BTS recommends an I.V. combination of a broad-spectrum b-lactamase-stable antibiotic such as co-

    amoxiclav plus a macrolide like clarithromycin. Inpatients allergic to penicillin, cephalosporins can beused in combination with clarithromycin.

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    Dual or combination therapy should beconsidered for severe CAP.

    Macrolides were found to be compatible asadjuncts to broad-spectrum -lactamase stable

    antibiotic in severe CAP. An intravenous combination of a broad-spectrum

    b-lactamase stable antibiotic such as co-amoxiclav together with a macrolide such as

    clarithromycin may be preferred overfouroquinolones or their combinations in Indiaconsidering the tuberculosis endemicity.

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    Timing of antibiotic

    an important performance indicator in

    community-acquired pneumonia (CAP).

    The European guidelines recommend initiation

    of antibiotics within the first two hours ofhospitalization,

    whereas the current Infectious Disease Society of

    America/ American Thoracic Society consensusguidelines advise the initiation of the first

    antibiotic dose in the emergency department.

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    A prospective observational study conducted bySilber et al. reported that there was no reductionin the time to clinical stability with theadministration of antibiotics within 4 hours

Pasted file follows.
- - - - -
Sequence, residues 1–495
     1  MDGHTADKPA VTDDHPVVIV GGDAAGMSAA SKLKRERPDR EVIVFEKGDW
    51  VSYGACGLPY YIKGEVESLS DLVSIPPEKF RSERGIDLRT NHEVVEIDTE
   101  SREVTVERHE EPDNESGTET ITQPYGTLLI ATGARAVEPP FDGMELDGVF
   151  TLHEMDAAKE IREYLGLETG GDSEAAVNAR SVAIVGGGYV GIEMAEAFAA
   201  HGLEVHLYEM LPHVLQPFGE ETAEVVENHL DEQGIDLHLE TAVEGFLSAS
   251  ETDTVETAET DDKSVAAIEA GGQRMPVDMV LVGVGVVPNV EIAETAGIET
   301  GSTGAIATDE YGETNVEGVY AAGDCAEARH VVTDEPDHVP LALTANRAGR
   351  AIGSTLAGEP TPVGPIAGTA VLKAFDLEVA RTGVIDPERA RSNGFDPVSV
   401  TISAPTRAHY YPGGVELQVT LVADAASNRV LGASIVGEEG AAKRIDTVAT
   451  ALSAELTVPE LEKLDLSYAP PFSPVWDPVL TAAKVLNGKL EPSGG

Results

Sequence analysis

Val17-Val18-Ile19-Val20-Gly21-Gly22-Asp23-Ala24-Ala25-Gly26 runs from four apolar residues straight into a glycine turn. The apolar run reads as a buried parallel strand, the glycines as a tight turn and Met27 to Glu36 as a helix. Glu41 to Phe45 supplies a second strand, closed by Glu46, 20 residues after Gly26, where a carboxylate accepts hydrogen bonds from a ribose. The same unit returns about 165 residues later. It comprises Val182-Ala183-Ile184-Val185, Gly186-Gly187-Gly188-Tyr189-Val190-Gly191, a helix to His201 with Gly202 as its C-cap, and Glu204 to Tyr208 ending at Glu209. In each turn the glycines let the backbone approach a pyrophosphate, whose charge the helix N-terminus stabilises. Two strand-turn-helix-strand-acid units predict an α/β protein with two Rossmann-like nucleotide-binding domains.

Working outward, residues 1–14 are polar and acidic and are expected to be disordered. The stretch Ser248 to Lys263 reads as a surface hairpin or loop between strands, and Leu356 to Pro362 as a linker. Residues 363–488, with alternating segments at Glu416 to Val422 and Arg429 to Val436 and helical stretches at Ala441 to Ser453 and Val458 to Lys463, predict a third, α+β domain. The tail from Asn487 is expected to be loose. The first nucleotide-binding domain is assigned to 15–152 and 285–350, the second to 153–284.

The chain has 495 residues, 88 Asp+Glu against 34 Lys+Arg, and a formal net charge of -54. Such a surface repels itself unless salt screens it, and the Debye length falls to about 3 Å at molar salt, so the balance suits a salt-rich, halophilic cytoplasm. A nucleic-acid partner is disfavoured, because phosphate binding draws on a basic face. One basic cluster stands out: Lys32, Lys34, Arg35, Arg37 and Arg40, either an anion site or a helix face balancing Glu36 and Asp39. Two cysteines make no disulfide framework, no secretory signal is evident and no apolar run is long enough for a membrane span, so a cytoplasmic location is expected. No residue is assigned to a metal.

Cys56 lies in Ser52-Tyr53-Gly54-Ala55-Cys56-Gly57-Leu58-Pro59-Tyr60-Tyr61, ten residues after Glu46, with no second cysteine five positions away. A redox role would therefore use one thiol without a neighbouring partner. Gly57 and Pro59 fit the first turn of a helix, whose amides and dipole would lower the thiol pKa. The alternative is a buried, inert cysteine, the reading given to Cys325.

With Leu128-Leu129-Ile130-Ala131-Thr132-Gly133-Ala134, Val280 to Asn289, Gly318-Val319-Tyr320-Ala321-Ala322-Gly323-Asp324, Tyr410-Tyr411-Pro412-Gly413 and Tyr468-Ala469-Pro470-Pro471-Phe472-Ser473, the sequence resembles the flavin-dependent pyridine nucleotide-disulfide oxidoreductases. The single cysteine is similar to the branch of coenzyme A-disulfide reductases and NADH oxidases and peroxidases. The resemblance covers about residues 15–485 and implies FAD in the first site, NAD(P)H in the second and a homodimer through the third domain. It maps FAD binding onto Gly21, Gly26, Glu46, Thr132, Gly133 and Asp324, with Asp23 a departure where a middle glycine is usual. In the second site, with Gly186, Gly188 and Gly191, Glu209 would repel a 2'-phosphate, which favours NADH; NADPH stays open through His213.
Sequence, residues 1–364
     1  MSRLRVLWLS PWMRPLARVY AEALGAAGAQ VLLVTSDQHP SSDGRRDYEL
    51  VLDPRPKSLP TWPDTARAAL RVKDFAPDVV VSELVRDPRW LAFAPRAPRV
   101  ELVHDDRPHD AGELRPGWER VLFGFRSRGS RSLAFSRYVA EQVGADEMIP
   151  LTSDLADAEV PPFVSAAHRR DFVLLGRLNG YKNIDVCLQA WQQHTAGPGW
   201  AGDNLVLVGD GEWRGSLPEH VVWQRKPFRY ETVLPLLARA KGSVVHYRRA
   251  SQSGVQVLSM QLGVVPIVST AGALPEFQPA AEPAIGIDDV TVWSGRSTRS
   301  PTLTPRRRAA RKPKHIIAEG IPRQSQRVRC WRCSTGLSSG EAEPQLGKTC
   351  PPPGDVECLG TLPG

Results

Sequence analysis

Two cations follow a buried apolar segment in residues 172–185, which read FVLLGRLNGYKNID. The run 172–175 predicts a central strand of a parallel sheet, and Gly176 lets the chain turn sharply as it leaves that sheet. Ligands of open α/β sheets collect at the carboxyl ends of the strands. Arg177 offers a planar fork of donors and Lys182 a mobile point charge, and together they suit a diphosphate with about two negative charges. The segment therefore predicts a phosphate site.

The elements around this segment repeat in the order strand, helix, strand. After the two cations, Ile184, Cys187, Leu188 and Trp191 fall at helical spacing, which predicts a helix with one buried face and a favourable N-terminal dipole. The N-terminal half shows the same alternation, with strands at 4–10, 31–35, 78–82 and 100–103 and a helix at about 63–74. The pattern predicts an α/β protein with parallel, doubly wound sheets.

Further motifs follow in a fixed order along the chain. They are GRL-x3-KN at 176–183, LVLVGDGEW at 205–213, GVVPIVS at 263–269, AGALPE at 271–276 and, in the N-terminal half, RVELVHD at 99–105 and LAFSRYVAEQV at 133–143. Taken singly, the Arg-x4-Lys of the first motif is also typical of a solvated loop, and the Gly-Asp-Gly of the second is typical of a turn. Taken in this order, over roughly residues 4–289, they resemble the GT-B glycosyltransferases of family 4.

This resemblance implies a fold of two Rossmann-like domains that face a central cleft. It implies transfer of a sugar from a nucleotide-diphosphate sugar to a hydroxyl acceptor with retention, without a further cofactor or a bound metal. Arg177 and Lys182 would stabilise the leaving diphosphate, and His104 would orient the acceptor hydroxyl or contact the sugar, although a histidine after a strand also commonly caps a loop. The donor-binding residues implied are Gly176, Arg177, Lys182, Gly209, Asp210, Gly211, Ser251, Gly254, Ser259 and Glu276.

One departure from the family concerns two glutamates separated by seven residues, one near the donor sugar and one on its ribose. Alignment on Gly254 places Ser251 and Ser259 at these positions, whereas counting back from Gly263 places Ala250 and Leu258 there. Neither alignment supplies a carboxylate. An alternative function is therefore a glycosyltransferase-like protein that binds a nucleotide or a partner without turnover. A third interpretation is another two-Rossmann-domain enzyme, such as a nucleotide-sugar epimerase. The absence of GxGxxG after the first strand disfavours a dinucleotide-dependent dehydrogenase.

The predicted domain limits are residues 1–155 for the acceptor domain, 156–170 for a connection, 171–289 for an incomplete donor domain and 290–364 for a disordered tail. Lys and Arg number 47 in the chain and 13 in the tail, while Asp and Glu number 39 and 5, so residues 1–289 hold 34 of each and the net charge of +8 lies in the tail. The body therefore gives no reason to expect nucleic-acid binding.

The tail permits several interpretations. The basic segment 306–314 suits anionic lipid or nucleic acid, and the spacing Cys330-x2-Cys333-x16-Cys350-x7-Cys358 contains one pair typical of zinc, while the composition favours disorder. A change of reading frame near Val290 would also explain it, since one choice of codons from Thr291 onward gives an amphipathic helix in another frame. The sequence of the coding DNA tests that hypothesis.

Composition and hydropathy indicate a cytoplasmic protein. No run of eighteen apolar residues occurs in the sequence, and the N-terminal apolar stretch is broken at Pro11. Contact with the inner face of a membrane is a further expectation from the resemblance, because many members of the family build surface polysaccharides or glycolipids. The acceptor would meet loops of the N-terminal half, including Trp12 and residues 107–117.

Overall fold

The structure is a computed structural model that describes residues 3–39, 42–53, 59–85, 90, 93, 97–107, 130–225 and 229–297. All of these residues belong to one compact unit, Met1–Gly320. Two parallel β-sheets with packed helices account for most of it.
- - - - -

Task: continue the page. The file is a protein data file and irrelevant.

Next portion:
Bruns et al. conducted a study to evaluate theeffect of minimizing the TFAD on the early clinicaloutcome

    Time to first antibiotic dose was however, not

    associated with early clinical failure. Hence, it is not advisable to consider TFAD as a

    performance indicator

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    Metersky et al. determined the frequency of medicarepatients who are discharged with a diagnosis ofpneumonia with atypical presentation.

    This could lead to diagnostic uncertainty and a

    resultant appropriate delay in antibiotic administration. A fnding from a retrospective study of 548 patients by

    Welker et al. reported that there was a reduction in theaccuracy of the initial diagnosis of CAP when the

    required TFAD was changed from 8 hours to 4 hours.

    Concerns with the Administration of

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    Concerns with the Administration of

    Antibiotics within 4 Hours

    Overdiagnosis/misdiagnosis of CAP,

    inappropriate utilization of antibiotics,

    no association to mortality,

    length of hospital stay, time to clinical stability

    and pressure on clinicians to start the first

    dose of antibiotic despite diagnostic

    uncertainty, were the concerns with theadministration of antibiotics within 4 hours

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    Rhew et al. investigated the effectiveness ofearly switch and early discharge strategies in CAPpatients

    Ten prospective, interventional, CAP-specifcstudies that evaluated length of stay wereincluded in the study.